Philip Drinker, PhD (1894-1972), and Charles McKhann, MD (1898-1988), at Boston Children’s Hospital and Harvard published a paper describing successful use of an artificial respirator for patients suffering from paralytic polio.
The machine, first known as the Drinker respirator and later as the iron lung, would provide temporary and in some cases, permanent breathing support for people suffering paralysis of the diaphragm and intracostal muscles, which are essential for respiration.
The Drinker respirator was a sealed tube-like structure, powered by electricity. The patient’s head extended from the tube, and the body, with a rubber seal at the neck, was entirely enclosed by the tube. Decreased pressure forced air into the lungs, and increased pressure forced air out.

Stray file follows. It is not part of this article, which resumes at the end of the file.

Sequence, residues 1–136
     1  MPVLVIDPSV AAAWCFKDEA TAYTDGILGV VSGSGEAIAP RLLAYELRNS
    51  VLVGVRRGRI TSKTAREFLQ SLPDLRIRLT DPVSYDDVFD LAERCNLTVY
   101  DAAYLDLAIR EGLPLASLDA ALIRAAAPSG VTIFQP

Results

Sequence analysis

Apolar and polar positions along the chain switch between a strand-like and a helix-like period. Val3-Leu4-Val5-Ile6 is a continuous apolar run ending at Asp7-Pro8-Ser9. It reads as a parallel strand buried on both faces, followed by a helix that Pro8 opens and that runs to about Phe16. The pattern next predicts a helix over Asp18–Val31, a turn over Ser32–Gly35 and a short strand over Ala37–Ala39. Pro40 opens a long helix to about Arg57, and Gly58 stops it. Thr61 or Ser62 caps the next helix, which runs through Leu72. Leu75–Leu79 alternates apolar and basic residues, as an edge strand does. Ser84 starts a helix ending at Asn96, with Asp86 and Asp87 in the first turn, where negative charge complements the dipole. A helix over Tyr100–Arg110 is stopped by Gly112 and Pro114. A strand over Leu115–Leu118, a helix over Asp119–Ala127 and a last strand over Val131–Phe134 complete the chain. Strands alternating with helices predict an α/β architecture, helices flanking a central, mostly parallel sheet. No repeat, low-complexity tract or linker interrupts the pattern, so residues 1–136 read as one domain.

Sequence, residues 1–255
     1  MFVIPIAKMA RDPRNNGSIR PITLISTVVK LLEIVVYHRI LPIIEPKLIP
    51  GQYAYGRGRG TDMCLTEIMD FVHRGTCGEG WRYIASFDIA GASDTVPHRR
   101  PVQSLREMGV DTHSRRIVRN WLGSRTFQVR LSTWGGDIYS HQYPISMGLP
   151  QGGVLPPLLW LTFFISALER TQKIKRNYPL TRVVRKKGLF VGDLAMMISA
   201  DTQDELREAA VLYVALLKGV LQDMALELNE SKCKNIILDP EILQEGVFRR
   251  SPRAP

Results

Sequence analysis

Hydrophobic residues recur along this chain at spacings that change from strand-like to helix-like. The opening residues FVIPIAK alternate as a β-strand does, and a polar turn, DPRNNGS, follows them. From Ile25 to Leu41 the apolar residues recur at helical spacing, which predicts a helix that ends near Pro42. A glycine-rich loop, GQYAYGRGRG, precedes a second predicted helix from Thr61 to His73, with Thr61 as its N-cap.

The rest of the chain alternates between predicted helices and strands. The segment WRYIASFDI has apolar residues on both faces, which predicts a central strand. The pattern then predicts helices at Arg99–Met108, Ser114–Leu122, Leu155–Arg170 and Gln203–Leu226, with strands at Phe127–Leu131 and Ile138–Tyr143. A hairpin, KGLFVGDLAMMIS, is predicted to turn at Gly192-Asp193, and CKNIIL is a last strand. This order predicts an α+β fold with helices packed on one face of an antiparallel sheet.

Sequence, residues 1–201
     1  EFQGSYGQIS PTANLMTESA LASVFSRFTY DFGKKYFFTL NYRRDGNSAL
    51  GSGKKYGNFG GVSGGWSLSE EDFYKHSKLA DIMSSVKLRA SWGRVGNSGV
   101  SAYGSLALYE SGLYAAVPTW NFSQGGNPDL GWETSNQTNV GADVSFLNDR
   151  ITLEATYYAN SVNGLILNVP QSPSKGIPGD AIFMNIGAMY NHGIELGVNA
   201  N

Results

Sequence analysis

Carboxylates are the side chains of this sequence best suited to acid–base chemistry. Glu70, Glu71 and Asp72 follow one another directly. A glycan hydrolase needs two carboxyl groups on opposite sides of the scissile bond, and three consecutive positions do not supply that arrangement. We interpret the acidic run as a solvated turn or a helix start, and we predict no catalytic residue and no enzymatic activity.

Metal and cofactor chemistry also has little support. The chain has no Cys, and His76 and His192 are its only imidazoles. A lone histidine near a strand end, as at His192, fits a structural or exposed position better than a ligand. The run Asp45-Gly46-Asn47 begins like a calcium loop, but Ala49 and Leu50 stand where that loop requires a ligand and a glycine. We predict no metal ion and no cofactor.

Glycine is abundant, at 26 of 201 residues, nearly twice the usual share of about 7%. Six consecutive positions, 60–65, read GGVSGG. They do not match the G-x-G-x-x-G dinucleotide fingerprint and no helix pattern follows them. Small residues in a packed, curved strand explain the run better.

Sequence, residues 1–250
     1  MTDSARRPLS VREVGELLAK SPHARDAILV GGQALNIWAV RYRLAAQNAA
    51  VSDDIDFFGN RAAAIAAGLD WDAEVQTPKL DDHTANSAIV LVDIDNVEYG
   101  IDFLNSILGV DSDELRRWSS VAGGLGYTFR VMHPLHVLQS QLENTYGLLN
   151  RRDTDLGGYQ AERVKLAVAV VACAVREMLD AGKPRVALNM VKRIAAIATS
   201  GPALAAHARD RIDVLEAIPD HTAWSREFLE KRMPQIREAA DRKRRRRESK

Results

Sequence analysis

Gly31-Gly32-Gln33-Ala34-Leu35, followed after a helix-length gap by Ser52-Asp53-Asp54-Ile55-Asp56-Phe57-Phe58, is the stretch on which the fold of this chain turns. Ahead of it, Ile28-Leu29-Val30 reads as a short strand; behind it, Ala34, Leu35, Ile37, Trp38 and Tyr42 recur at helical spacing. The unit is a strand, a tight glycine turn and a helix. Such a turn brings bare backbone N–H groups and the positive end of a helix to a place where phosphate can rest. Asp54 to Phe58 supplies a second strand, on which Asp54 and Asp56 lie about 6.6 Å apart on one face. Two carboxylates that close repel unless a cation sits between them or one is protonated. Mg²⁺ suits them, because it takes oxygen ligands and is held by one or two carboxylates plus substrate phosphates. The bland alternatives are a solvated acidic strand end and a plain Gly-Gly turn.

- The iron lung provided breathing support for paralyzed polio patients
The iron lung, or Drinker respirator as it was first known, provides temporary and in some cases, permanent breathing support for people suffering paralysis of the diaphragm and intracostal muscles, which are essential for respiration. The iron lung was developed in 1929, and it came to be an important tool for the care of sufferers of paralytic polio. Monkeys are evident in the iron lung in this photograph, which may document a study or demonstration of the machine's effectiveness.
- Centers for Disease Control and Prevention
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Diseases & Vaccines